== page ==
Update On My Life / “Looking for Alaska” Review-ish-Thing

So, quick update on what’s goin’ on in my life right now:

  • I’m currently behind in Camp NaNoWriMo as far as personal goals go, but actually ahead of NaNoWriMo standards by like 4,000 words (the issue is that I’m taking a five day break from writing towards the end of Camp NaNo, so I need to get five days ahead of schedule so that doesn’t put me behind on finishing on time).
  • The first meeting for the musical-thing I’m in this summer (it’s actually a rock opera) is today.
  • I’m still drowning in grad parties to attend.
  • I have college orientation this week! And I’m freaking out about it more than just a little bit!!!
  • I basically can’t leave my room right now without my parents throwing another chore or two at me, so I’m kind of holing up in here today (minus the theatre meeting, two grad parties, and going to see a play with my grandparents) in order to try to get some writing done. (Don’t worry, I’ve got a not-so-secret stash of junk food up here to keep me alive.)

And that’s basically it! And now in other news: I finished reading Looking for Alaska by John Green yesterday morning, and I wanted to share my thoughts on it, so…

Looking for Alaska is philosophical by nature, deep by content, and so realistic in its reaction to loss that I actually got tears in my eyes  on multiple occasions (which is saying something, because books hardly ever make me cry). John Green made me fall in love with his characters, despite their faults, and he reminded me why I love realistic fiction: Because it’s real. Because I can connect with it, and laugh with it, and hurt with it.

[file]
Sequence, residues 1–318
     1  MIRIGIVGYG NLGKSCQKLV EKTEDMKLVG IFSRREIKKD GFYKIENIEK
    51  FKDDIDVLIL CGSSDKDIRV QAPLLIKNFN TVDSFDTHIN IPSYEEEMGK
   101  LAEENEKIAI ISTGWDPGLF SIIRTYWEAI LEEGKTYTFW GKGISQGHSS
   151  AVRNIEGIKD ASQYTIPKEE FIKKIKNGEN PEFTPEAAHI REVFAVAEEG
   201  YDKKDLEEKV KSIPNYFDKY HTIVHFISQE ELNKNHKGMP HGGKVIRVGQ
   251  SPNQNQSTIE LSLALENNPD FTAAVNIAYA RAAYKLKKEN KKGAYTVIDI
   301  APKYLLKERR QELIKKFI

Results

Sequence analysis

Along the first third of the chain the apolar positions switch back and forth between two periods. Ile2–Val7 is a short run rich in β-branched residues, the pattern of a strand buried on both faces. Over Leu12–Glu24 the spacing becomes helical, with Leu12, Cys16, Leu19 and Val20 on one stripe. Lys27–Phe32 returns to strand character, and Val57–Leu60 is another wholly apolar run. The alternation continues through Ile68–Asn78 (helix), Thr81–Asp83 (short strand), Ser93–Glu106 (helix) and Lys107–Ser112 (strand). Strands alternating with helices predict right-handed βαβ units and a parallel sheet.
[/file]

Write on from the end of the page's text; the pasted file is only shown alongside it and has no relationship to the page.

However, there was definitely some content in there that I could have done without. I felt uncomfortable for a lot of the first half of the book with how the main characters viewed intimacy — kissing and more with people who they barely knew — although I know that this is a common view among my peers, and I really shouldn’t have been surprised to find so much of that because, as mentioned above, John Green writes realistically. It’s just not my lifestyle and not one I want to live. There was also quite a lot of smoking and drinking going on in the novel, but, I don’t know, that stuff just doesn’t upset me like, well… other stuff does.

In the end, Looking for Alaska was a great book. Beautiful writing, great dialogue, and so realistic at points that it hurts. Just be prepared for some hormones in there, as well.

On a scale of 1 to 10, I’d give it a 9.

~Julia

Wordy Wednesday (“The Thief” Excerpt)

So, I’d say summer’s off to a fairly interesting start. My short story “Popcorn” was featured on the Figment homepage yesterday, and I was really excited about that, obviously! 🙂 Also, Camp NaNoWriMo starts in two days, and I’m really excited to get to work on my June novel. I’m not going to tell you what it’s about right now, but I might share an excerpt or two, throughout the month, if it’s going well.

Today’s Wordy Wednesday is the beginning of a novel that I never got around to writing… If I remember correctly, I got to this point a while back, didn’t know how to continue to the next part and didn’t feel like spending the time to figure it out (so I obviously didn’t have a strong enough yearning to write it, or whatever), and I just sort of abandoned the project. I still like what I did write, though.

So yeah. Here’s your Wordy Wednesday. 😛

**********

I’m standing in the middle of the Square with people bustling all around me, shivering despite the July heat, and I have no idea who I am.